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Running Retro Bindings - Limited Risks?

post #1 of 5
Thread Starter 

It's been over 10 years since I skied on my 'retro' gears.  It seems that my risk is low, if I don't take any drops, and ski a leisurely pace.  Even if one binding explodes, I still have one ski. The odds of two simultaneously failures would be low, right? 


Three bindings in mind are: Look 77s, Geze 940s, and Salomon 337s. 


How often do you run you retro gears?

post #2 of 5

Of your three, I would be most concerned about the Salomon 337 bindings.  I have seen a few heels explode.  One explosion happened when I inserted a boot into the binding on the workbench at a shop that I worked at.  The spring shot out so fast, that it embedded itself into the sheet rock.


Maybe others can comment on the Look and Geze models.


Once a year, some of my ski buddies and I dress up in our late 80s/early 90s clothes and ski on gear from that era.  I have some Kastle RX15 Super G skis with Marker MRR (latch in style) and Lange ZR boots that I show up with.  We get funny looks from people.



post #3 of 5
Thread Starter 

I agree with the 337.  The oldest boots I have in possession are the Lange ZS (Thermo Fit?).  Nobody ever notice them.  It's the long skinny skis that people notice.  I feel pretty good about the Gezes and Looks.

post #4 of 5

I ski the n77's, no problems for me. Metal is the key here assuming the general condition is good.

In the end, they are your legs so do what you are comfortable with. Here is the old "self release check"

Proceed at your own risk.....  eek.gif



From the 1984 Geze in-box Consumer Instructions;

"Self-Release Method.

Unusually aggressive skiers and racers who sometimes need higher settings can use the Self-Release Method to obrtain these special settings. This method [conducted in the proper way] may help to insure that the special settings these skiers need will not be grossly overtightened, which is the usual case with adjustments made without using this method.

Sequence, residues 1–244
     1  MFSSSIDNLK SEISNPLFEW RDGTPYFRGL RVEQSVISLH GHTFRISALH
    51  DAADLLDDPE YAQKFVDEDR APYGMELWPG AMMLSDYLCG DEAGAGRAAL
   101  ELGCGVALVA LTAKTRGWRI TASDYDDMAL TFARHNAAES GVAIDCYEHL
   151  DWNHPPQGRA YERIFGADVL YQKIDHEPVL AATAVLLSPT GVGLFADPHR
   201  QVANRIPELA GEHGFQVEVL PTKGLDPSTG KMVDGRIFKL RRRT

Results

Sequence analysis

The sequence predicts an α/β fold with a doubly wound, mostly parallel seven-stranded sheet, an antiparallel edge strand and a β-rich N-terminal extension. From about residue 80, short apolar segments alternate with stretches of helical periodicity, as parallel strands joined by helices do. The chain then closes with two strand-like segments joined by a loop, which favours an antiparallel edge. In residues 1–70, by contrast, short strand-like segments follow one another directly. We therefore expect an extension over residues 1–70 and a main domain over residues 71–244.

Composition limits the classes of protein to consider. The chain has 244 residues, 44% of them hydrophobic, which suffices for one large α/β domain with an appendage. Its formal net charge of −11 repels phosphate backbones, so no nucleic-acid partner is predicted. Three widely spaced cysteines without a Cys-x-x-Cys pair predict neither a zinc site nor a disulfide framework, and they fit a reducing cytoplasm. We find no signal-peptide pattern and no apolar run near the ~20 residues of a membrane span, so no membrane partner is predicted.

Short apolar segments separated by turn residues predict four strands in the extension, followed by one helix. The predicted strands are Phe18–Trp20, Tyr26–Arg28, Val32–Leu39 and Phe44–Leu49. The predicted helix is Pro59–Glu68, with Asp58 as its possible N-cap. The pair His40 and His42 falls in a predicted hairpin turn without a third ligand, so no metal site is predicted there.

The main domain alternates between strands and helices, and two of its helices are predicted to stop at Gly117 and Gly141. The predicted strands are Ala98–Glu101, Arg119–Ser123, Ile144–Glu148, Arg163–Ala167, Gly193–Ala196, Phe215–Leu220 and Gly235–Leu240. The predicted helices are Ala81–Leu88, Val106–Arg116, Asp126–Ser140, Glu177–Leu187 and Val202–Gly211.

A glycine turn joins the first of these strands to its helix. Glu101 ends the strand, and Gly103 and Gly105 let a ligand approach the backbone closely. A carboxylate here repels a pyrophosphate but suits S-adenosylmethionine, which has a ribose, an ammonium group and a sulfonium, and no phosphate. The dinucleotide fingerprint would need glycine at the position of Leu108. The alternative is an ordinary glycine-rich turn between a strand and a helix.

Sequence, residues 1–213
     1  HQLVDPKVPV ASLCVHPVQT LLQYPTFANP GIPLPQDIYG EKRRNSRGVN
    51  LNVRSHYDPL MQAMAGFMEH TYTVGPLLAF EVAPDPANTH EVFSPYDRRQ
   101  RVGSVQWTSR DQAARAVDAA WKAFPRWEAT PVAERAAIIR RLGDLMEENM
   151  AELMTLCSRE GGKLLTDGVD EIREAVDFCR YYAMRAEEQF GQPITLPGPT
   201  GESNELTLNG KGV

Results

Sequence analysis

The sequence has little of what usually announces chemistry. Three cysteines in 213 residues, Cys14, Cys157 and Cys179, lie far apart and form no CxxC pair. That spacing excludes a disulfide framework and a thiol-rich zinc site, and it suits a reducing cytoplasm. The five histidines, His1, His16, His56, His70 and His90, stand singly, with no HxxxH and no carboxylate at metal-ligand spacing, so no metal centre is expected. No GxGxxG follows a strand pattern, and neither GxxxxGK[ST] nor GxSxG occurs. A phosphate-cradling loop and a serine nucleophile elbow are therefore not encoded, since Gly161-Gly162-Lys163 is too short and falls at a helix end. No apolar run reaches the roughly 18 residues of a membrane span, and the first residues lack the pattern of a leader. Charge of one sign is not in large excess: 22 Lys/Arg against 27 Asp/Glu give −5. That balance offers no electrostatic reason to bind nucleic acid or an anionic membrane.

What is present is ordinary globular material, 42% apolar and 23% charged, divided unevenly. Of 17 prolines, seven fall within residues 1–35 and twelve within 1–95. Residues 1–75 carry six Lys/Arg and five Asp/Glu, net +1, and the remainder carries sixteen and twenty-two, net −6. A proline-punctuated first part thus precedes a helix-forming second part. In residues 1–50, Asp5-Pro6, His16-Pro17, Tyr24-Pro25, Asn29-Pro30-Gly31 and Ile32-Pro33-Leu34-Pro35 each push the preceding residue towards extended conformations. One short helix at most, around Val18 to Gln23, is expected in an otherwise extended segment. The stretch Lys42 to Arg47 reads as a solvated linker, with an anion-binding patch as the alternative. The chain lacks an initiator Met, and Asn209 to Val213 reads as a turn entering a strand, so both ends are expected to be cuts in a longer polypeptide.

Start by using the presettings for [Type III+] skiers that are suggested on the Geze release setting chart.

Heel Setting:

— Stand on one foot with the boot buckled as it is during skiing.

— The ski should not be helf fixed.

— Release the heel by bending the lower leg forward (move the knee forward and down—toward the forebody of the ski). Do not lunge forward with the opposite leg because this will cause an undesirable upward pulling on the Achillies tendon.

— Readjust the forward heel release setting to your "comfort threshold".

Toe Setting:

— Place the ski on its inside edge by rolling the knee inward and then SLOWLY twist the foot inward. Rapid twisting should be avoided because it is not the worst case for maximum loading.

— Readjust the setting to your "comfort threshold".

If, based on further skiing, it is believed that higher settings are needed, the setting may be increased as long as self release is still possible."

post #5 of 5
Thread Starter 

Thanks for the Geze instructions.  I've released / lowered the spring pressure on these during storage (down to 4 DIN).  Both the Looks and Gezes are in great condition; the Salomons, not so much.  The latter ski set will go onto some wall.

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